An oncogene is a gene that, when mutated or expressed at high levels, helps turn a normal cell into a tumor cell.
Many abnormal cells normally undergo a programmed form of death (apoptosis). Activated oncogenes can cause those cells to survive and proliferate instead. Most oncogenes require an additional step, such as mutations in another gene, or environmental factors, such as viral infection, to cause cancer.
Since the 1970s, dozens of oncogenes have been identified in human cancer. Many cancer drugs target those DNA sequences and their products.
The first oncogene was discovered in 1970 and was termed src (pronounced ''sarc'' as in ''sarcoma''). Src was in fact first discovered as an oncogene in a chicken retrovirus. Experiments performed by Dr G. Steve Martin of the University of California demonstrated that the SRC was indeed the oncogene of the virus.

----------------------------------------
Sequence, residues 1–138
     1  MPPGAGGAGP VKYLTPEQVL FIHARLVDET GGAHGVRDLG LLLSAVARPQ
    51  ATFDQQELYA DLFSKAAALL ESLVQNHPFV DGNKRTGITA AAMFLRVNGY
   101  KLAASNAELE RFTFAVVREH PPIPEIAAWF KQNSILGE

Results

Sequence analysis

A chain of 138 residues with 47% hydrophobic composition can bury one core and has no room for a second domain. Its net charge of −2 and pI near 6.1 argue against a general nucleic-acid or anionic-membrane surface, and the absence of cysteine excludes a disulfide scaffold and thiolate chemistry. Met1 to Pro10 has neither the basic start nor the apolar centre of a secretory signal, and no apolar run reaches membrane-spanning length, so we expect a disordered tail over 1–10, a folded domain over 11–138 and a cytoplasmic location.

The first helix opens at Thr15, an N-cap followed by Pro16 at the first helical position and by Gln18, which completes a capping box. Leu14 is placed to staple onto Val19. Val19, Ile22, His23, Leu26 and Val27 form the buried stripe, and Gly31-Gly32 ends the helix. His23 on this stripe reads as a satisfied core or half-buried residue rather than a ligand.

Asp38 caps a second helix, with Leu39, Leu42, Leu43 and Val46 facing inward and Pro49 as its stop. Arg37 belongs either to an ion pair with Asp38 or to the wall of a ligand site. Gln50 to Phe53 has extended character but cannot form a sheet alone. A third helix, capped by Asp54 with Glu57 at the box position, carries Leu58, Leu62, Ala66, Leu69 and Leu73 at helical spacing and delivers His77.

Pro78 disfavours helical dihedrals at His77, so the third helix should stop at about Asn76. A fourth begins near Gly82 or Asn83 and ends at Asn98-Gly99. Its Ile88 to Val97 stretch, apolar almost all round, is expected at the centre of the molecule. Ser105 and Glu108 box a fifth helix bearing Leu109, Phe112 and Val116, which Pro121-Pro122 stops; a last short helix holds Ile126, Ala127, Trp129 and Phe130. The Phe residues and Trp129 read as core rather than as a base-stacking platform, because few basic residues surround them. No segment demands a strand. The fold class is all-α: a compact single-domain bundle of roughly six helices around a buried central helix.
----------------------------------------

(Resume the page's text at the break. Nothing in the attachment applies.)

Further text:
In 1976 Drs. J. Michael Bishop and Harold E. Varmus of the University of California demonstrated that oncogenes were defective proto-oncogenes, found in many organisms including humans. For this discovery Bishop and Varmus were awarded the Nobel Prize in 1989.
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